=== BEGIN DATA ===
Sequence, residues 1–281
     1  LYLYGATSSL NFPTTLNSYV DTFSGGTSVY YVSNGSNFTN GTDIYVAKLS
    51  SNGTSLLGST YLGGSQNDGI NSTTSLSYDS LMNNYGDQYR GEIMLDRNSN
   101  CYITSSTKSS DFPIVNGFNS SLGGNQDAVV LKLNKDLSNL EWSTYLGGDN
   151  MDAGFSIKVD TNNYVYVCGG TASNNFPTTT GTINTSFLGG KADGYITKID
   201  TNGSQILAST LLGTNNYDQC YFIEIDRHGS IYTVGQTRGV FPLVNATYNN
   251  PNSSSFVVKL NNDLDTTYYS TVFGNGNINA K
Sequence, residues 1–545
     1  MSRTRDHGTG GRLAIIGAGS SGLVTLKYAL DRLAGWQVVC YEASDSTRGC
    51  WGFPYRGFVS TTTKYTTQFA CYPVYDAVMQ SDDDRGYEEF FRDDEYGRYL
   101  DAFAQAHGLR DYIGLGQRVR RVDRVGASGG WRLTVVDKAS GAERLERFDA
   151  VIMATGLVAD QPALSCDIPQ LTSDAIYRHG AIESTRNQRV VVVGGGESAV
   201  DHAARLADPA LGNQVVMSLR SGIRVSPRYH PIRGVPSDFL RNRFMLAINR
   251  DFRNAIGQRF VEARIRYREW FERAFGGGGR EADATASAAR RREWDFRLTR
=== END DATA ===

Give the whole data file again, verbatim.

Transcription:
Sequence, residues 1–281
     1  LYLYGATSSL NFPTTLNSYV DTFSGGTSVY YVSNGSNFTN GTDIYVAKLS
    51  SNGTSLLGST YLGGSQNDGI NSTTSLSYDS LMNNYGDQYR GEIMLDRNSN
   101  CYITSSTKSS DFPIVNGFNS SLGGNQDAVV LKLNKDLSNL EWSTYLGGDN
   151  MDAGFSIKVD TNNYVYVCGG TASNNFPTTT GTINTSFLGG KADGYITKID
   201  TNGSQILAST LLGTNNYDQC YFIEIDRHGS IYTVGQTRGV FPLVNATYNN
   251  PNSSSFVVKL NNDLDTTYYS TVFGNGNINA K
Sequence, residues 1–545
     1  MSRTRDHGTG GRLAIIGAGS SGLVTLKYAL DRLAGWQVVC YEASDSTRGC
    51  WGFPYRGFVS TTTKYTTQFA CYPVYDAVMQ SDDDRGYEEF FRDDEYGRYL
   101  DAFAQAHGLR DYIGLGQRVR RVDRVGASGG WRLTVVDKAS GAERLERFDA
   151  VIMATGLVAD QPALSCDIPQ LTSDAIYRHG AIESTRNQRV VVVGGGESAV
   201  DHAARLADPA LGNQVVMSLR SGIRVSPRYH PIRGVPSDFL RNRFMLAINR
   251  DFRNAIGQRF VEARIRYREW FERAFGGGGR EADATASAAR RREWDFRLTR